Scientists Discover Blue Glowing Snow in the Russian Arctic

Russia is home to a number of unique and wonderful things, and apparently, the list also includes bioluminescent snow that glows blue.

Last month, Russian biologist Vera Emelianenko went for a walk to the White Sea coast, high in the Russian Arctic, and noticed something very unusual in the snow – a blue glow that looked like Christmas lights. With Emelianenko were Mikhail Neretin, the son of a molecular biologist working at the same remote field station, and two dogs. It was Neretin wh first noticed the strange blue glow, and as they walked to investigate, they noticed that their footsteps created streaks of ethereal blue “like blue Christmas lights in the snow”. Even the dogs left a glowing trail as they raced ahead, and squeezing the glowing snow in the hand only made it glow stronger.

Photo: Alexander Semenov/Facebook

Semenov was intrigued by the find, so she went back to the station and asked photographer, Alexander Semenov to accompany her so they could document the phenomenon. For about two hours, they both stomped the snow to make it glow, and Semenov took photos that later went viral on social media. Those same pictures were sent out to scientists around Russia, all of whom were intrigued by the phenomenon.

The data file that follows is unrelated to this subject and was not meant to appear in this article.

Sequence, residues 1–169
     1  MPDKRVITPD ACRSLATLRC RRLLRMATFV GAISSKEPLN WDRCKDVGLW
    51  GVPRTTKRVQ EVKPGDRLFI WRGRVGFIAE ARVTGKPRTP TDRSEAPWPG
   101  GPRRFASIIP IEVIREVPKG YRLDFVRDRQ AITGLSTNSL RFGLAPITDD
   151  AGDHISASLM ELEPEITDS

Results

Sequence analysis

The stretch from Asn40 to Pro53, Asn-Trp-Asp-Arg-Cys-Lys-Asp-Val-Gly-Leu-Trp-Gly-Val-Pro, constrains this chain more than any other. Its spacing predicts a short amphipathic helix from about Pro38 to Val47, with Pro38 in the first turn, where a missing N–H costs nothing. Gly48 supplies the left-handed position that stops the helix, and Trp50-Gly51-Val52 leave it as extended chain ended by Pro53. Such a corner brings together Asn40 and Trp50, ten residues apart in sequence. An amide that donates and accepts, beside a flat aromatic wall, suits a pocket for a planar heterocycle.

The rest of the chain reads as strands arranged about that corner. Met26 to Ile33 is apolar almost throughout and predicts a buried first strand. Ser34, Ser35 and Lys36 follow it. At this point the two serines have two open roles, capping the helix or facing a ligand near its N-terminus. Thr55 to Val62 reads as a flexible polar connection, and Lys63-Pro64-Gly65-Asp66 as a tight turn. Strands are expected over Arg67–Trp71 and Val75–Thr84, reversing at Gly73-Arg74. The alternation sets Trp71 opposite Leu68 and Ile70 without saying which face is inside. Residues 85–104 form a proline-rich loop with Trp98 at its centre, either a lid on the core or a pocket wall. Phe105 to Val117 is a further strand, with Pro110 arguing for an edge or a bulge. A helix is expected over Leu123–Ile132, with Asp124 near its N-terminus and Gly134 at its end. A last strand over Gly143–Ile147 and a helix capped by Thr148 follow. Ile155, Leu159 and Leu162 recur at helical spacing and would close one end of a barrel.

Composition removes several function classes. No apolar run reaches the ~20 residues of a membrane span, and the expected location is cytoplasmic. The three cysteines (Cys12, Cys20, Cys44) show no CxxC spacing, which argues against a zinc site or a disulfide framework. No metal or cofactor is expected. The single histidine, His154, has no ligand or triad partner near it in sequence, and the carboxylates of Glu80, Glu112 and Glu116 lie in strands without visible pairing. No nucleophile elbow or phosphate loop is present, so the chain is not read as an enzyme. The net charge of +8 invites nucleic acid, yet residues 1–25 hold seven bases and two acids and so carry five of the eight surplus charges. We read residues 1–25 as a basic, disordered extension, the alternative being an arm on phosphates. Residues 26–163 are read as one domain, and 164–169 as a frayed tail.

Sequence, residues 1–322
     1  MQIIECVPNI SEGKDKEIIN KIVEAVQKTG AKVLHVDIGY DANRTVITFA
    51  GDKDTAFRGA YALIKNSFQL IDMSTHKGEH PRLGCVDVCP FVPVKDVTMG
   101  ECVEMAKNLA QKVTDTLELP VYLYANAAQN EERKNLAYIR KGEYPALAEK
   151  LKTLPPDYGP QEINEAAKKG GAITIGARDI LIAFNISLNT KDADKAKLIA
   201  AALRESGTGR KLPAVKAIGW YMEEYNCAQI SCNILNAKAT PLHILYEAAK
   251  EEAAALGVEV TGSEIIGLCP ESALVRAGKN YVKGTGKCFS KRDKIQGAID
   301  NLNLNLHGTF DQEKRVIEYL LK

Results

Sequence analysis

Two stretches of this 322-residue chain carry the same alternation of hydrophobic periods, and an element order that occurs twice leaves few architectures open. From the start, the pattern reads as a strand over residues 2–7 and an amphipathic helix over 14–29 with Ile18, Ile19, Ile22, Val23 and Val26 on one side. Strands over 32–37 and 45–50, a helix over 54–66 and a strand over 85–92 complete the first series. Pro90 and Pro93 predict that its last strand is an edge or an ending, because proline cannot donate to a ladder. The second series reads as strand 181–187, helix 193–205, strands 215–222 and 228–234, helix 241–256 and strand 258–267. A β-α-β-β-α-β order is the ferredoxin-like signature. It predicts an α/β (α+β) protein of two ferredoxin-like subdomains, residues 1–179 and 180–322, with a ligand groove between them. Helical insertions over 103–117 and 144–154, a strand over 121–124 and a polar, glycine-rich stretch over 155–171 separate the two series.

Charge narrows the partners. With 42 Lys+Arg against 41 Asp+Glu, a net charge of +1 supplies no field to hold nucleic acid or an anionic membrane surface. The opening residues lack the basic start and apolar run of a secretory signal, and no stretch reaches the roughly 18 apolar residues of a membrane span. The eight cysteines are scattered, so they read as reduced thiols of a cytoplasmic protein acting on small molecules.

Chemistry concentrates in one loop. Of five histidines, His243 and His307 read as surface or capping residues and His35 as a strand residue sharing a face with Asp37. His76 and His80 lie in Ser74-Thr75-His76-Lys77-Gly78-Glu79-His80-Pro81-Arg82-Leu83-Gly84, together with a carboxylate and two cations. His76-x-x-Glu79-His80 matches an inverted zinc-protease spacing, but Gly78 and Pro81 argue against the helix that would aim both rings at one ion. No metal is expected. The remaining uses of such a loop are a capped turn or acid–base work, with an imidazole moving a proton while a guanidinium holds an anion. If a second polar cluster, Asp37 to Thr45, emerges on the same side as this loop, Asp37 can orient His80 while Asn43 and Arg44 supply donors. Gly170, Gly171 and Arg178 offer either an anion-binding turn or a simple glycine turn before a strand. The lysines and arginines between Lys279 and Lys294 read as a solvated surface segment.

The next day, Vera Emelianenko slipped a snowball of glowing snow under a microscope, and as she waited for it to melt, she spotted some copepods, tiny aquatic crustaceans, in the petri dish. When she poked them with a needle, they lit up a faint blue, indicating that they were the source of the ethereal glow.


Known as “the bugs of the sea”, these creatures are typically found in the ocean at depths of up to 100 meters during the night, but just a few feet at night, when they can cause the eye-catching bioluminescence phenomenon on beaches.

This type of glowing snow had not been seen before at the Russian biological station, even though it has been open for 80 years. Ksenia Kosobokova, an expert on Arctic marine zooplankton at Russia’s Academy of Science in Moscow, said that the rare phenomenon may have been the result of copepods being aught in a powerful current that pushed them ashore and into the snow.